TBE of Ithaca appoints new rabbi and ed. director

Temple Beth-El, the largest synagogue in Tompkins County, has appointed Rabbi Caleb Brommer, a recent graduate of the Jewish Theological Seminary of America, as its new rabbi, and Calle Schueler as the synagogue’s new director of education and engagement, both effective July 1. Brommer will fill a vacancy at Temple Beth-El since its former rabbi accepted another position in 2023.

“Rabbi Brommer is a young, traditionally trained rabbi who is forward-thinking and passionate about Judaism,” said Jerry Dietz, who became the synagogue’s president on July 1. “Our hope is that his youth and enthusiasm will draw in unaffiliated members of our community while continuing his wide appeal to our congregation.”

Schueler will serve as director of the Rabbi Felix Aber Religious School, the B’Yachad Ithaca Jewish Preschool, and youth and family programming at the synagogue. “We feel incredibly fortunate to have someone with Calle’s skill, dedication and passion for Jewish learning joining Temple Beth-El,” said Melanie Kalman, the synagogue’s former co-president. Schueler, who has a master’s degree in Jewish education from the Jewish Theological Seminary, is the former assistant director of family life and learning at Congregation B’nai Jeshurun in Manhattan.

Brommer began his career in Jewish education as the youth engagement and curriculum coordinator at Temple Sholom in Chicago. He then earned a master’s degree in Jewish professional studies from the Spertus Institute for Jewish Learning and Leadership in Chicago.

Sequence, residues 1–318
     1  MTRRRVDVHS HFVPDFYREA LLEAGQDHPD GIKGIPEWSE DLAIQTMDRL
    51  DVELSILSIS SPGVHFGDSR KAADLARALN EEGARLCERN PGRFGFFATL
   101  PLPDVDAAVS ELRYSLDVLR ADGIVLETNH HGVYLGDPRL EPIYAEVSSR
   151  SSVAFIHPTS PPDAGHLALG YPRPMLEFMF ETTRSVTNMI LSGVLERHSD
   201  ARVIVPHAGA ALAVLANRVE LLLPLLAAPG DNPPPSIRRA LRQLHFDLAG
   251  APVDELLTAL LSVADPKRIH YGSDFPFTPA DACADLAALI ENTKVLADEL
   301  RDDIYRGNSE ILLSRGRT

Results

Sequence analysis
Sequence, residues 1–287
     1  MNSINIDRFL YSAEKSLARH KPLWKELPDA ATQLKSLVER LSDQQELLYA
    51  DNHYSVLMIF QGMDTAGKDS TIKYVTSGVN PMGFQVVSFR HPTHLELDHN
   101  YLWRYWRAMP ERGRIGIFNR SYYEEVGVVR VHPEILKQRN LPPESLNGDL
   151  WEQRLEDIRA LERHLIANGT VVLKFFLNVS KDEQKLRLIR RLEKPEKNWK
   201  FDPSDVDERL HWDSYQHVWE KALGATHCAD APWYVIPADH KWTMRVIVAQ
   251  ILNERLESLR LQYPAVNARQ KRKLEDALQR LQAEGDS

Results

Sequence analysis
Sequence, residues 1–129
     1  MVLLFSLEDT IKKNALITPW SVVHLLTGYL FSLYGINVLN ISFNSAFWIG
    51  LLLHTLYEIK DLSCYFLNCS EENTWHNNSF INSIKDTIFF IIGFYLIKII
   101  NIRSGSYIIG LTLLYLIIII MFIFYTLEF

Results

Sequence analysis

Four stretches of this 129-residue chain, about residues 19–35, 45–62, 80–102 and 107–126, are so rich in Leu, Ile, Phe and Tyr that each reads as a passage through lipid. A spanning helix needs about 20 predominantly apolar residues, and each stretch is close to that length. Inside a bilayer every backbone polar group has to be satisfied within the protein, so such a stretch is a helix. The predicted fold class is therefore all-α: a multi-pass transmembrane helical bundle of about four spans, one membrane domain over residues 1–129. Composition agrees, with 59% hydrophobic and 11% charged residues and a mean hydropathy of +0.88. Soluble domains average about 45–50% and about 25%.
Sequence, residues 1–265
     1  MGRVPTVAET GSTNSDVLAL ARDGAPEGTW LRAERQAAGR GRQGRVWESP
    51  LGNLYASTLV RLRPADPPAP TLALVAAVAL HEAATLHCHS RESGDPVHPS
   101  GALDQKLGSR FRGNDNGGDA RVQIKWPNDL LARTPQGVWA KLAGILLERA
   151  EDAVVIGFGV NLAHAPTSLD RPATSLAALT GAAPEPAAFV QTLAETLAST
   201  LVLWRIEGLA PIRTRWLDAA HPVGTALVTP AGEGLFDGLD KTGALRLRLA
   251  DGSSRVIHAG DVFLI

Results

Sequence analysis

After teaching at the Chicago synagogue for three years, Brommer said he decided to make the transition to the rabbinate. “I think I just realized that there’s a place where I can go to do the type of Jewish learning and the type of Jewish teaching and the type of Jewish community-building that I want to be doing,” he said. “And it became more and more clear that that was rabbinical school.”

Brommer first visited Temple Beth-El last summer as a scholar-in-residence. In his first trip to Ithaca, he said he was impressed by the beauty of the area and the active volunteers he met at the synagogue. “The fact that people are ready, willing and excited to spend time and energy working on behalf of the synagogue and the broader Jewish community is really, really moving and exactly what we wanted,” said Brommer, whose wife, Rebecca, is a social worker and a doula.

Brommer said his goals as the rabbi at Temple Beth-El are to expand the size of the religious school and attract young families to the synagogue. “I want to make people feel like they have a stake in their community and in living a Jewish life,” he said. “Living Jewishly has made me a better and more aware person, and I want to give people access points to that.”

Brommer said he would also like to help Temple Beth-El continue to work with other congregations, colleges and universities, and community organizations in Ithaca. “I know that Temple Beth-El has a strong history of interfaith work and I’m really excited about meeting with community organizations in order to forge those partnerships,” he said.